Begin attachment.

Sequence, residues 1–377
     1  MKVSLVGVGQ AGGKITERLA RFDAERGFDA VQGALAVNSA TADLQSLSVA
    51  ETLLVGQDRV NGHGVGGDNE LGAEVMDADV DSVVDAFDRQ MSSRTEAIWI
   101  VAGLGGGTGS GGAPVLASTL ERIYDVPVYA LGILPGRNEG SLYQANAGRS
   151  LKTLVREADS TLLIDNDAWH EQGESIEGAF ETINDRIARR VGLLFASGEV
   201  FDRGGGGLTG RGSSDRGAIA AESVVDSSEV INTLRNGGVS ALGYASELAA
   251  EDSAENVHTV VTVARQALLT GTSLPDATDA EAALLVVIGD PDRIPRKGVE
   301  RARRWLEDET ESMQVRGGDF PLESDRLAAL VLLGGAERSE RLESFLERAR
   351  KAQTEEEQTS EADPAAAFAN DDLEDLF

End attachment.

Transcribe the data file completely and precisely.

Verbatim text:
Sequence, residues 1–377
     1  MKVSLVGVGQ AGGKITERLA RFDAERGFDA VQGALAVNSA TADLQSLSVA
    51  ETLLVGQDRV NGHGVGGDNE LGAEVMDADV DSVVDAFDRQ MSSRTEAIWI
   101  VAGLGGGTGS GGAPVLASTL ERIYDVPVYA LGILPGRNEG SLYQANAGRS
   151  LKTLVREADS TLLIDNDAWH EQGESIEGAF ETINDRIARR VGLLFASGEV
   201  FDRGGGGLTG RGSSDRGAIA AESVVDSSEV INTLRNGGVS ALGYASELAA
   251  EDSAENVHTV VTVARQALLT GTSLPDATDA EAALLVVIGD PDRIPRKGVE
   301  RARRWLEDET ESMQVRGGDF PLESDRLAAL VLLGGAERSE RLESFLERAR
   351  KAQTEEEQTS EADPAAAFAN DDLEDLF